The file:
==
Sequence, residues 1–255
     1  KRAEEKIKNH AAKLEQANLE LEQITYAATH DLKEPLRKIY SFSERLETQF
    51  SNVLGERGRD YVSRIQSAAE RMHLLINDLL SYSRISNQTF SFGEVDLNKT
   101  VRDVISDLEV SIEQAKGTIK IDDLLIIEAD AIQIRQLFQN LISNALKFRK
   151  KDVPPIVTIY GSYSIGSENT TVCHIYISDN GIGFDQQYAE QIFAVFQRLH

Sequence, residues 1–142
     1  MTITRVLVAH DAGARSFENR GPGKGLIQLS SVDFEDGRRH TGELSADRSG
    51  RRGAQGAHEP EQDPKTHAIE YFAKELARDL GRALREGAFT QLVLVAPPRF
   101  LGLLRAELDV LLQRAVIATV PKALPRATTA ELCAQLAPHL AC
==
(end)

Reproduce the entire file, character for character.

Sequence, residues 1–255
     1  KRAEEKIKNH AAKLEQANLE LEQITYAATH DLKEPLRKIY SFSERLETQF
    51  SNVLGERGRD YVSRIQSAAE RMHLLINDLL SYSRISNQTF SFGEVDLNKT
   101  VRDVISDLEV SIEQAKGTIK IDDLLIIEAD AIQIRQLFQN LISNALKFRK
   151  KDVPPIVTIY GSYSIGSENT TVCHIYISDN GIGFDQQYAE QIFAVFQRLH

Sequence, residues 1–142
     1  MTITRVLVAH DAGARSFENR GPGKGLIQLS SVDFEDGRRH TGELSADRSG
    51  RRGAQGAHEP EQDPKTHAIE YFAKELARDL GRALREGAFT QLVLVAPPRF
   101  LGLLRAELDV LLQRAVIATV PKALPRATTA ELCAQLAPHL AC